Thursday, December 16, 2010
Court of Appeal Allows Employer to Sue Over Racism Allegations
Divided Panel Says Company Showed It Fired Workers Because They Lacked Valid Social Security Numbers
By KENNETH OFGANG, Staff Writer
A company that fired about 200 workers after they failed to produce valid social security numbers following an IRS audit may sue a group of workers and a civil rights activist who claimed the firings were based on race and age, the Fourth District Court of Appeal has ruled.
Div. Three ruled, 2-1, that the suit by Overhill Farms, Inc. against Nativo Lopez and several Overhill workers was not a strategic lawsuit against public participation because the company is likely is prevail on its claims of defamation, interference with contract, interference with prospective business advantage, and extortion.
Justice William Bedsworth’s opinion was certified Tuesday for publication. Justice William Rylaarsdam concurred, while dissenting Justice Richard Fybel argued that Overhill’s claims should have been stricken because the allegedly injurious statements were protected opinion.
The fired workers turned to Lopez, a former Santa Ana school board member and head of Hermandad Mexicana Latinoamericana, after losing their jobs early last year. The company contended that it had no choice but to terminate them once it had given them sufficient time to clear up documentation problems discovered in an IRS audit.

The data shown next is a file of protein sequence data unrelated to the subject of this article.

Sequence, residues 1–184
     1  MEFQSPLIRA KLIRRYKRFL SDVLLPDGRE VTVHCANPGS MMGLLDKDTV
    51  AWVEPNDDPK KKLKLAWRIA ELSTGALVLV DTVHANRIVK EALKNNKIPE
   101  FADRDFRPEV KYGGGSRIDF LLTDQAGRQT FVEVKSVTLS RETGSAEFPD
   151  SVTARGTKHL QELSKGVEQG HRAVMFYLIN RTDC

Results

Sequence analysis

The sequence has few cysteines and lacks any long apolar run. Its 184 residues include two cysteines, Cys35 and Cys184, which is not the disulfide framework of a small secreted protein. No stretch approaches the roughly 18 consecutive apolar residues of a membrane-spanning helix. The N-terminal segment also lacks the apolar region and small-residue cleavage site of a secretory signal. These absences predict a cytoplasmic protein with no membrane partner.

The service told Overhill, which supplies produce to area grocers and restaurants, that it had turned up 231 instances—the Vernon-based company has about 1,000 employees—in which employees’ names and social security numbers did not match IRS records.
Overhill notified the employees that they needed to clear up the conflict within 30 days. One worker demonstrated that the IRS was in error and remained employed, 31 resigned, a few admitted that they had supplied phony numbers and other documentation in order to obtain employment and had entered the country illegally, and the majority simply did not respond.
Those who admitted undocumented entry were fired, while the rest were suspended with pay for 30 days, giving them additional time to provide accurate social security numbers. The company also presented evidence that it worked with the union that represents its workforce, in an effort to reinstate the workers’ employment without violating the law, and that the union acknowledged that nearly all of the affected employees were unauthorized to work in the United States.
The suspended workers were fired at the end of the suspension period. The company told them it had been forced to take that action because it would otherwise be exposed to civil penalties and criminal prosecution.
Lopez organized a boycott of the company, contacting its customers and in some cases picketing their businesses. He claimed that Overhill was using a “discrepancy of social security numbers” as an excuse to fire Latino workers, many of whom had been with the company for a decade or more, and to replace them with younger, part-time employees who cost less to employ.
In filing suit, Overhill sought damages but acknowledged it had little hope of collecting on a judgment. Its goal, it said, was to obtain injunctive relief and establish that the claims of racism and ageism were false.